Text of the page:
Editorial: Traffic fix is temporary; keep safety permanent

  • Grayslake village officials recently reopened the gate on Prairieview Avenue for the first time since 1998 to relieve construction-related traffic congestion in the downtown area. The gate was installed to block through traffic because of speeding and safety concerns.

    Grayslake village officials recently reopened the gate on Prairieview Avenue for the first time since 1998 to relieve construction-related traffic congestion in the downtown area. The gate was installed to block through traffic because of speeding and safety concerns. Daily Herald file photo

 
The Daily Herald Editorial Board
Updated 8/3/2015 5:32 PM

In justifying their decision to open a residential street long blocked to through traffic by a gate, Grayslake village officials cited doing what's best for the "broader community." We understand the logic -- for now.

Governments are faced with having to make these kinds of decisions -- as unpopular as they may be to someone or some group -- all the time. In this case, Grayslake is awash in road construction projects that have worsened traffic congestion in the downtown area. Opening the Prairieview Avenue gate for the first time since 1998 is an effort to provide some relief for traffic to get around construction zones.

 

But this also must be a temporary fix, part of a community compromise.

The gate was put in place to limit access to Prairieview Avenue to residents because of a history of speeding and safety issues on a stretch of road with no sidewalks. The road hasn't changed, so once congestion problems ease, the gate must again swing closed to block cut-through traffic.

The Prairieview Avenue gate was installed in the late 1980s, eliminating the possibility the road could be used for through traffic. It opened for a short time in 1998 because of two area construction projects, but it closed again after parent concerns about the safety of their children.

Village officials passed a local law in 2001 requiring the road be closed to through traffic. That decision was reversed recently because of several nearby road construction projects, including resurfacing Center Street and the massive Washington Street railroad underpass work expected to be completed in late 2016.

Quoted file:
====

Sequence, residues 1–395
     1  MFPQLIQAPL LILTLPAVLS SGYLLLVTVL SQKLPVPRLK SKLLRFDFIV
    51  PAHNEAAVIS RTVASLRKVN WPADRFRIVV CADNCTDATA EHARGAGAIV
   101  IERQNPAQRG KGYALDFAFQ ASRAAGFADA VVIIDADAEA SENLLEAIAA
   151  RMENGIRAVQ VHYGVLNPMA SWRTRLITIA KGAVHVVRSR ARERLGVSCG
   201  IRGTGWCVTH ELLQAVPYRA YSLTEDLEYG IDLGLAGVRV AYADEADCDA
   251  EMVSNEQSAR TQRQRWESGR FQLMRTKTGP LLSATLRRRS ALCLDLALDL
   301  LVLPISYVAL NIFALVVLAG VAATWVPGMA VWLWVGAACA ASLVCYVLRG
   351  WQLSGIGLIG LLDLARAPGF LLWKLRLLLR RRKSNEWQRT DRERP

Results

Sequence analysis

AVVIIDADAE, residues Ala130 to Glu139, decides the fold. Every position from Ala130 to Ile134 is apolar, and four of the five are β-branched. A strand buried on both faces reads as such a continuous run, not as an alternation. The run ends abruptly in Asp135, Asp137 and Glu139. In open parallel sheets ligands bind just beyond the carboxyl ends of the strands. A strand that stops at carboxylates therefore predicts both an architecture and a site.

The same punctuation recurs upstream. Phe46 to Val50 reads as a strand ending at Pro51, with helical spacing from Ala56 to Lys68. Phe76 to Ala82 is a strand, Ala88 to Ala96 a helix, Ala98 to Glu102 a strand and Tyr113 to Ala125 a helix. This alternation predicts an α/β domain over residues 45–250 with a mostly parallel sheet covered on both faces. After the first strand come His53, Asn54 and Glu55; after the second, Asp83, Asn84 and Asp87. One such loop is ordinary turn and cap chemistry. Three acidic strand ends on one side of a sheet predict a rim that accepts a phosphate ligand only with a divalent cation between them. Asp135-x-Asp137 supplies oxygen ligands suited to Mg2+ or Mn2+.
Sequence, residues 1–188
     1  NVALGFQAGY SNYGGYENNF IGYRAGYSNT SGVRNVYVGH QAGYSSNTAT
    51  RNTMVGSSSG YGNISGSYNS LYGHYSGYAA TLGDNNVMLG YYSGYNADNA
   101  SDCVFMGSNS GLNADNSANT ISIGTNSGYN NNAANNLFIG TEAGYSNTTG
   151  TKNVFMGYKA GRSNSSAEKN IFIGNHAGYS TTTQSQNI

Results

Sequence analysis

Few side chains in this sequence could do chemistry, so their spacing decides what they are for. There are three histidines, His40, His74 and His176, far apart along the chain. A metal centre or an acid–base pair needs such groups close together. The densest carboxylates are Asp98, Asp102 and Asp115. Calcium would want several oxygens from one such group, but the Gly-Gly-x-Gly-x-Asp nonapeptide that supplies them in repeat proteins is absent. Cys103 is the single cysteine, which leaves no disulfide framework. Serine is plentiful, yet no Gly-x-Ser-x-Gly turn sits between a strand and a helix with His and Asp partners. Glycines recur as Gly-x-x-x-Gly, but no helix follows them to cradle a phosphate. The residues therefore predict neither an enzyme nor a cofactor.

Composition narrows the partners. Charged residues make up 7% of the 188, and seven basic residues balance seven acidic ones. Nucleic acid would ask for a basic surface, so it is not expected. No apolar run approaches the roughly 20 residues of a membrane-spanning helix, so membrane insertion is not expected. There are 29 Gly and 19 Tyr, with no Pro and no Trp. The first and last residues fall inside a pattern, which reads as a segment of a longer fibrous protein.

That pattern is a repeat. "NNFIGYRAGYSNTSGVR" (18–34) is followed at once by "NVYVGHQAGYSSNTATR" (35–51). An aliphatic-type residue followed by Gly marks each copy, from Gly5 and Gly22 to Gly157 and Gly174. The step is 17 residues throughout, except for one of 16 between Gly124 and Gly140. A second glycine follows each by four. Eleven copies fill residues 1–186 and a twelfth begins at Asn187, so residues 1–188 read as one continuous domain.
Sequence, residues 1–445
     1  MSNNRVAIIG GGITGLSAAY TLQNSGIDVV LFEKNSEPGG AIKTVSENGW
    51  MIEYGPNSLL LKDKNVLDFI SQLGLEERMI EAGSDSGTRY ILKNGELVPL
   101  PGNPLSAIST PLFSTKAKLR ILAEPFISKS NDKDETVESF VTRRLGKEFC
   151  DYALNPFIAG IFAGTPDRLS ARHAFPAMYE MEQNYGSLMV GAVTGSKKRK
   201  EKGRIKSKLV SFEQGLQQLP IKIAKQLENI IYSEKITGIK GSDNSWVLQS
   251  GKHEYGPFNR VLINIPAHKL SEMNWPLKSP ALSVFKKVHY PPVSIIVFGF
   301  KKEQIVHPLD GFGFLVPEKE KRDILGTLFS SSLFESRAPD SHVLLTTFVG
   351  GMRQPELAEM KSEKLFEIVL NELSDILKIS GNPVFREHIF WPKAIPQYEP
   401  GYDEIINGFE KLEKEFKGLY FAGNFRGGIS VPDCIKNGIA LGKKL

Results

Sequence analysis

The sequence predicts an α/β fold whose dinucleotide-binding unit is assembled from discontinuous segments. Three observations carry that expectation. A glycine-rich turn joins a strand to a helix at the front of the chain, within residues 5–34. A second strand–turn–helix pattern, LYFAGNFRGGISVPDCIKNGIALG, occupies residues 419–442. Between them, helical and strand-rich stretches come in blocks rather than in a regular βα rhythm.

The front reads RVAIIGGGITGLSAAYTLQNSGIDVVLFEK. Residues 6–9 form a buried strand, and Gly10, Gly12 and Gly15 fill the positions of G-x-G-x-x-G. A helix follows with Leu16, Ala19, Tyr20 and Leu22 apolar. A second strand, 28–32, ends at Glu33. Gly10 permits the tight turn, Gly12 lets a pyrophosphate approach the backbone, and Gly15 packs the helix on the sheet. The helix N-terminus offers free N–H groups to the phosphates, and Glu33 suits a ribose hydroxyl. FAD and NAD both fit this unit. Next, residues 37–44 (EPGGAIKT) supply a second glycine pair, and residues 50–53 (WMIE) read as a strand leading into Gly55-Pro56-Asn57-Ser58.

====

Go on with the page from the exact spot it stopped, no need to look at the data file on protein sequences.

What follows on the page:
The village board has directed Grayslake police to monitor traffic on Prairieview Avenue and nearby streets and add enforcement details to ensure the neighborhood streets are safe. That's a necessary step. Officials will also evaluate data on traffic volumes and vehicle speeds.

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Another village board vote will be needed to close the gate. However, residents say there's nothing in writing committing the village to do that, and no date has been set to vote on the matter. Understandably, neighbors are worried the street will return to the days when it was cut-through.

"When I bought the house, the gate was closed," John Basten, who lives on nearby Waterford Drive, told the Daily Herald's Bob Susnjara. "It (the open gate) does change the neighborhood with increased traffic."

At least one trustee, Shawn Vogel, said he'd want to see results of the traffic study before a decision is made.

That's understandable, but the board should remember that the uncertainty is unfair to residents in the neighborhood. While the village should carefully review the data it collects to determine if changes are needed, it must reassure residents as soon as possible, that the safety they've come to expect will be restored.

One solution is to improve Prairieview to alleviate the safety concerns. Another is that as road construction projects end and the travel crisis eases, the gate on Praireview Avenue must close again to through traffic.

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